Succulent Terrarium Workshopby Bibi & young CFS members. Register today

Date: Sat 26/3/22 Time: 1230 to 1430

Venue: Chatswood Youth Centre 64 Albert St, Chatswood

Terrariums made my past workshop participants

Partly funded by Willoughby City Council. Send Bibi an email if you have any questions.: communityflowerstudio@yahoo.com

McKayla co-facilitating Terrarium Workshop with Bibi
Yucca Filamentosa
Soft-tip Yucca Glorisa
Yucca Elata
Yucca Flaccida
Flowering Yucca Aloifolia
Syngonium Pink
Maria Allusion
Yellow Green
White Green

Plant of the month

by Dr Bibiana Chan

Syngonium

Syngonium podophyllum or Nephthytis. It is an elegant and versatile houseplant kept indoor or outdoor (in shade). It belongs to the family Araceae. It is native to the tropical rain forests in Central and South America.  Arrowhead Plant (nickname) is an easy first plant for beginners. White Butterfly is considered one of the most popular. It doesn’t attract pests and doesn’t mind an occasional dose of neglect.

White Butterfly

These days, there are different cultivars with surprisingly attractive colours – Pink Syngonium and Neon Robusta, both have light lime green leaves with a good dose of pink scattered throughout the leaves. Check out this video clip on the Top 100 Rare Syngonium varieties.

Syngonium can either be grown as a compact bushy looking plant by regular pruning and trimming the creeping tips. Alternatively, you can train its climbing branch up against a moss stick. Generally, it is low-maintenance except occasional pruning. It can sprawl and look messy.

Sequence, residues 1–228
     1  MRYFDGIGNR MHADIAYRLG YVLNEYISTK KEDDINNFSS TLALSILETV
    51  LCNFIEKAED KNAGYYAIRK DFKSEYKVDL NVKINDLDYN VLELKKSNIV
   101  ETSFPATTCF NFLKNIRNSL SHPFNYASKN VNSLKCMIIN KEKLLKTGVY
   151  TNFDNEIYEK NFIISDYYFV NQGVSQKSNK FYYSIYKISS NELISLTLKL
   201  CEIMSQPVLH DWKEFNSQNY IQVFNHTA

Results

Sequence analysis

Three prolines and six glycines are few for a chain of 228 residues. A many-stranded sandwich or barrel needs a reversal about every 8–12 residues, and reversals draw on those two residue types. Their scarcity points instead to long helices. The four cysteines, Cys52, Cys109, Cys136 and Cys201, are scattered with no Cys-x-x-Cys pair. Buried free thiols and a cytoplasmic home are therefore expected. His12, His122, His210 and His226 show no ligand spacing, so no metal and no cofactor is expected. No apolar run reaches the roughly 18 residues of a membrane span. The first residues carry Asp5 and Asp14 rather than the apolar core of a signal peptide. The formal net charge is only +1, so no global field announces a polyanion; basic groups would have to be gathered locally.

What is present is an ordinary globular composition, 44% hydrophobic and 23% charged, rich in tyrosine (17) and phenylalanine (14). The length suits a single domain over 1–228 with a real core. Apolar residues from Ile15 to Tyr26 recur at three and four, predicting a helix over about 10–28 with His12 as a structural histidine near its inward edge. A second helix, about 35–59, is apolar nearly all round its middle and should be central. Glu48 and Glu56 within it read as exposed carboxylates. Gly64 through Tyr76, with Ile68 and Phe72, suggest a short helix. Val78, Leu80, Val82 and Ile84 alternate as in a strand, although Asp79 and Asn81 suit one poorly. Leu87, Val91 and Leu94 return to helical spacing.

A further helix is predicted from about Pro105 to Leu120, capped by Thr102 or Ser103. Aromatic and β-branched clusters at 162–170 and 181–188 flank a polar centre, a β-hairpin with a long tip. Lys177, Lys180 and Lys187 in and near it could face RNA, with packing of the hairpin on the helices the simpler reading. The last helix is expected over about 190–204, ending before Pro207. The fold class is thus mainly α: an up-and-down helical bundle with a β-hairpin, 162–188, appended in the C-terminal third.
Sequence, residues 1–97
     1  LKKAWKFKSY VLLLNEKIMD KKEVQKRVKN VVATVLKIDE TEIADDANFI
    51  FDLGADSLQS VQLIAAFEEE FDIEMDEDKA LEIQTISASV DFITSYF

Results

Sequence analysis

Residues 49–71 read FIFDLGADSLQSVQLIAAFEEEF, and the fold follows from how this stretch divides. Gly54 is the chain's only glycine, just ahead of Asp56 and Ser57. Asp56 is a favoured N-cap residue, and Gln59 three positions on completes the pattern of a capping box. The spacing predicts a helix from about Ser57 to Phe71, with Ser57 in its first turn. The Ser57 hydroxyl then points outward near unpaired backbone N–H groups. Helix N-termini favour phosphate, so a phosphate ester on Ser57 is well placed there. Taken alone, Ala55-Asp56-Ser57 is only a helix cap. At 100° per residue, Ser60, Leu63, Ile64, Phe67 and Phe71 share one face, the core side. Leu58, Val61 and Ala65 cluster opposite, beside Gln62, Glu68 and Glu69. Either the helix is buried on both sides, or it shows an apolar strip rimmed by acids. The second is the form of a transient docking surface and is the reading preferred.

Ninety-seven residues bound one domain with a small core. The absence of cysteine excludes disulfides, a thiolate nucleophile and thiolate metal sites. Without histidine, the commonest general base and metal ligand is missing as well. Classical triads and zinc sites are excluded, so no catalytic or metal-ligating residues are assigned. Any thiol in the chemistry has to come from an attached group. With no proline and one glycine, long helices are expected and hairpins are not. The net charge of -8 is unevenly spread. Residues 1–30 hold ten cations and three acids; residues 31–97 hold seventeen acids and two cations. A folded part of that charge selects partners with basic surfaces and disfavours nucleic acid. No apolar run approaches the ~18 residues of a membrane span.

Messy roots go wild!

Perhaps it is time to give your plant a hair-cut. However, it is best to wait till Spring and before hot summer arrives. Take a 4in stem tip cutting with only one or two leaves (remove others). If a tip has new growth use that – it will propagate easier. Put in a glass of water and watch the roots come out.

Syngonium enjoys high humidity. One common practice is to provide a pebble tray, i.e. to place the pot on a tray filled with pebbles and water to increase humidity. Syngonium can be easily grown in water. Just half-fill a vase with fresh water and it will keep thriving. Top up the water regularly.  The arrow-shaped green foliage and soft stems look gorgeous in decorative vases and transparent jars.

These plants do best in a position where they receive good light with no direct sunlight. In terms of watering, you should avoid the “little and often” approach, but instead water well and then wait. Syngonium grows surprisingly well in water. This photo showed the cutting I did on Boxing Day 2021.